Soumya Sarkar blasted a maiden ODI hundred and put on 145 with Tamim Iqbal as Bangladesh wrapped up a 3-0 series whitewash in emphatic fashion. They won by eight wickets, with more than 10 overs to spare, but such a margin was only possible because of a spectacular collapse from Pakistan.
Azhar Ali's 101, the first ODI century by a Pakistan captain in nearly five years, and his stands of 91 and 98 with Sami Aslam and Haris Sohail had taken Pakistan to 203 for 2 in the 39th over. They looked all set for a dash to a 300-plus total, but they lost their last eight wickets for 47 runs and set a distinctly below-par target of 251.
If it was going to test Bangladesh, they would need to lose early wickets, and Tamim seemed determined not to let that happen. Even as Sarkar picked up four fours in the first four overs, Tamim played watchfully, defending Mohammad Hafeez - who took the new ball upon his return from a bowling suspension - with a resolutely straight bat and shouldering arms to the first three balls he received from Umar Gul.
He put away the bad balls, but had only played six scoring shots in scoring 12 off his first 25 balls. By that time Sarkar had raced to 33 off 35, and Bangladesh were a solid 48 for 0 in 10 overs. By the end of the 17th over, the score had swelled to 86. Hafeez returned to the attack, and spun one sharply away from Sarkar to find the edge of his defensively thrust bat, only for Mohammad Rizwan - who had taken the gloves after Pakistan left out Sarfraz Ahmed - to put down the chance behind the stumps.
Sarkar had added four more runs to his score and moved to 52 when he pressed forward to the left-arm spinner Zulfiqar Babar and inside-edged him onto his pad. The ball bounced over Aslam's head at short leg - he got both hands to it but couldn't hold on.
As if to drive home the importance of those two misses, both batsmen hit sixes off the next over, Sarkar launching Hafeez over long-on and Tamim over cover. Over the next three overs Bangladesh pressed home their point further. Babar gave away five fours, including a paddle sweep that took Tamim to his fifty, and in between Sarkar ran down the track to Junaid Khan and clouted him over his head.
Junaid went for 27 in his first four overs, but brought Pakistan a small measure of relief with two wickets in two overs. He seamed one into the left-handed Tamim to ping his pad right in front of off stump, and jagged one into the right-handed Mahmudullah to bowl him through the gate.
It was only momentary respite. Mushfiqur Rahim, who has been in sublime form since the start of the World Cup, dabbed the third ball of Junaid's next over cleverly past slip, and Sarkar ended the over with two flat-batted fours down the ground.
There was little left in it for Pakistan, and Azhar brought himself on to bowl the 34th over, and deliver the long-hop that Sarkar clumped over deep midwicket to bring up his first ODI century. It was a strangely appropriate moment.
For the first 40 overs of the match it had been Azhar's turn to hog the limelight with his own maiden hundred. For that duration Pakistan had shown promise for the future. Aslam, the 19-year-old opener, made 45 on his ODI debut, driving through the covers with a fluent, left-handed flourish and pulling confidently when the bowlers dropped short. Replacing Sarfraz, Aslam barely put a foot wrong in his 50-ball innings before a sharply bouncing offbreak from Nasir Hossain brushed his bottom thumb through to the keeper.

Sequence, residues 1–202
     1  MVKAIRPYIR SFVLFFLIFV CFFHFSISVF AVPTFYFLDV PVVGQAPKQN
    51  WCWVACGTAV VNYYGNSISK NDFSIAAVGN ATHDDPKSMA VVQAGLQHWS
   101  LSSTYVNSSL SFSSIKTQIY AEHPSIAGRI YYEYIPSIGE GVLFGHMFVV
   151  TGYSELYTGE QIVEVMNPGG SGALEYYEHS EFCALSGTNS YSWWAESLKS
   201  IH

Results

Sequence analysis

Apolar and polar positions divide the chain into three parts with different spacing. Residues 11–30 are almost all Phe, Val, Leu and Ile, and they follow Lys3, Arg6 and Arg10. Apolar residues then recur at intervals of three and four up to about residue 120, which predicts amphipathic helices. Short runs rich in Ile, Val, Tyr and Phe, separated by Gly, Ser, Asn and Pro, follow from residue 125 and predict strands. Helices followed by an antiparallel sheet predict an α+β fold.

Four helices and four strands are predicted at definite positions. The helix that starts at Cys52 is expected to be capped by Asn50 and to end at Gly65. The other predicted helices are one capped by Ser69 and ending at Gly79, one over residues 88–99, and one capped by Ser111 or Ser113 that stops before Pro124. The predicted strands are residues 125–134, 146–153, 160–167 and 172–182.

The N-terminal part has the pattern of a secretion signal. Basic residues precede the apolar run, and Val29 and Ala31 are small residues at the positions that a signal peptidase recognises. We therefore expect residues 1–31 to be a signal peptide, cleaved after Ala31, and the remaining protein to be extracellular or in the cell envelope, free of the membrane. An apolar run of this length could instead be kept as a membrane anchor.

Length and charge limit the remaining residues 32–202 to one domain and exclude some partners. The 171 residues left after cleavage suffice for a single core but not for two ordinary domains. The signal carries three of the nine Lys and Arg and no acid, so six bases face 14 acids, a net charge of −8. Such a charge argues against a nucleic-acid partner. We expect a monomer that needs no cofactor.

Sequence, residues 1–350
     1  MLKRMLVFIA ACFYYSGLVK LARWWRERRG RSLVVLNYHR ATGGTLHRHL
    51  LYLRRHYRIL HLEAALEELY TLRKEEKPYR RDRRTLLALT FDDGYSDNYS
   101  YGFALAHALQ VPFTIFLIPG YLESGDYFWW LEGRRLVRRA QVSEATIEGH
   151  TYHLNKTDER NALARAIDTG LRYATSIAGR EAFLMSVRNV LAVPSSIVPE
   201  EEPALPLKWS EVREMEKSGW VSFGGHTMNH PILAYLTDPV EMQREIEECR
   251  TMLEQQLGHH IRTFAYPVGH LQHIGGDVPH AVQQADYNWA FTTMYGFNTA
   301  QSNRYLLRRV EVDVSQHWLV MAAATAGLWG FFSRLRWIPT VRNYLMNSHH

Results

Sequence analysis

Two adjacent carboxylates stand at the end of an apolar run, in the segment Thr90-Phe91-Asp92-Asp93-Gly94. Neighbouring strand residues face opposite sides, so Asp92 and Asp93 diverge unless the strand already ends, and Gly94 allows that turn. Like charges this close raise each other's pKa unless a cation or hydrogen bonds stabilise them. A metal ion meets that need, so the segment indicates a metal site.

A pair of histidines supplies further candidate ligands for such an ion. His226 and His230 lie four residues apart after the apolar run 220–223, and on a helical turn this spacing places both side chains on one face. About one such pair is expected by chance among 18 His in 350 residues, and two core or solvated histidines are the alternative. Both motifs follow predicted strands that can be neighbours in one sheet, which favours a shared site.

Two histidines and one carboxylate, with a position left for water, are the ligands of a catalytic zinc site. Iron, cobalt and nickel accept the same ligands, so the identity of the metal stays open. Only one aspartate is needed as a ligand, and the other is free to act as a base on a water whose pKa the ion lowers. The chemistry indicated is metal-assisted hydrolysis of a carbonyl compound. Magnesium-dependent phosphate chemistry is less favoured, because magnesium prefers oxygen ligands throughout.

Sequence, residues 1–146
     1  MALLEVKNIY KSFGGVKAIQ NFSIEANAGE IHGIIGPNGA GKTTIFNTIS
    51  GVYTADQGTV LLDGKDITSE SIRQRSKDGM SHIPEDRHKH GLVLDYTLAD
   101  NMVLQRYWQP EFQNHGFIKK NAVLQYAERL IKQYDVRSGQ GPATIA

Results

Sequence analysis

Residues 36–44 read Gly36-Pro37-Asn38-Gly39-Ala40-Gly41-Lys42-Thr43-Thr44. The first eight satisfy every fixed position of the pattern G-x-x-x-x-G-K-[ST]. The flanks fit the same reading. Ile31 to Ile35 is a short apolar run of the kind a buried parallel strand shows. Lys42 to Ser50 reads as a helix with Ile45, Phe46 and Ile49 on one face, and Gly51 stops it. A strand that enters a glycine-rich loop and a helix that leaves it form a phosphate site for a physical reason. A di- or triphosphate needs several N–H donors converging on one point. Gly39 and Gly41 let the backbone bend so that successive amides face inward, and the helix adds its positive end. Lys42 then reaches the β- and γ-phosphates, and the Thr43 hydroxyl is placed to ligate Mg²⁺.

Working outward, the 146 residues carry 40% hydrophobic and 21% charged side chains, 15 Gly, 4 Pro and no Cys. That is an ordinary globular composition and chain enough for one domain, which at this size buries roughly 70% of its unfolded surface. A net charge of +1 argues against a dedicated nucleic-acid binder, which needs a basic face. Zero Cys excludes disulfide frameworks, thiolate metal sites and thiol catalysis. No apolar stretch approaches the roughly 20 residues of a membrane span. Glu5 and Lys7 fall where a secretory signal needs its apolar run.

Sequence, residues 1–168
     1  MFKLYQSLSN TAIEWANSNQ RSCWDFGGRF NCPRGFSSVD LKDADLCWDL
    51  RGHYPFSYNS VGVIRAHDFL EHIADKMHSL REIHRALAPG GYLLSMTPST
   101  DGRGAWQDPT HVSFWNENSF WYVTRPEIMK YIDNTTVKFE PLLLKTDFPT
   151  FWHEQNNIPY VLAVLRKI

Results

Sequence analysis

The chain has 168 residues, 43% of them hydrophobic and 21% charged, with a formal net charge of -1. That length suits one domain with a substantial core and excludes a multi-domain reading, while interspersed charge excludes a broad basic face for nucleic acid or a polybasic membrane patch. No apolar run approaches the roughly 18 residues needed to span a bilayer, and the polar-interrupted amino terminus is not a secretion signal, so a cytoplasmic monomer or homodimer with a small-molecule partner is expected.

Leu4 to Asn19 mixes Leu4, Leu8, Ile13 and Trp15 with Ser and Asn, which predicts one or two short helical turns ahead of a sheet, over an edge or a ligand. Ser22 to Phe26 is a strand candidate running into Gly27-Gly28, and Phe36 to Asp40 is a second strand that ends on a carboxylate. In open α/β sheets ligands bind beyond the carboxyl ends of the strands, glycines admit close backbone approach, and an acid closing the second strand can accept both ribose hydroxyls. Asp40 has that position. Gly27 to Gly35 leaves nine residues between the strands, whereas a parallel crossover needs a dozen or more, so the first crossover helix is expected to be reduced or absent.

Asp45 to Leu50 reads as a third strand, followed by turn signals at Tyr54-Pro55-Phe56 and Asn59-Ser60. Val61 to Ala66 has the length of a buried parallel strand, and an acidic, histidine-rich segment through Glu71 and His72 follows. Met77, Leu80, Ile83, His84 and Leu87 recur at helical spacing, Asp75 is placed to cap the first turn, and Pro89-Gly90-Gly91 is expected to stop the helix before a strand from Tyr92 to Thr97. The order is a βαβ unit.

Haris, who came in after Hafeez had slogged all around an Arafat Sunny arm ball, picked up most of his runs through nudges and nurdles off his pads, but he also stepped down the track and struck the spinners for two heart-in-the-mouth sixes - one just out of reach of deep midwicket, one just out of reach of long-on.
Azhar's innings showcased the same strengths he has displayed right through this series. He put away the short balls with clinical placement, easily finding the gap between point and third man with his square cut. Perhaps more importantly, he rotated the strike well, failing to score off only 49 out of 112 balls. It's been a trend right through the series.
Azhar didn't play the World Cup, in which Pakistan often played on challenging pitches, so a direct comparison with the batsmen who did may not be entirely accurate. Nonetheless, it must mean something that Azhar is the only Pakistan batsman with a dot-ball percentage below 50 among the six who have faced 150 balls this year. Ahmed Shehzad, the batsman he replaced, is at the opposite end of that list at 64.79.
Azhar reached his century in the 38th over, and his partnership with Haris was nearing the century mark, when an arm-ball from Shakib turned the tide completely. Azhar went back to cut and lost his off stump. An over later, Haris was gone too, swiping across the line of a slower ball from Mashrafe Mortaza. The deluge began, and some of the dismissals were inexplicable.
Like Haris, Fawad slogged across the line at Mashrafe. Wahab Riaz and Saad Nasim picked out fielders in the 30-yard circle with half-hearted attempts at big hits. Rizwan popped a return catch to Shakib, looking to work across the line of a slow back-of-a-length ball.
In his first series as ODI captain, playing the format after nearly two years out of the side, Azhar has seen Pakistan lose their first series to Bangladesh. Now, even the consolation of a decent total in a dead rubber was slipping away.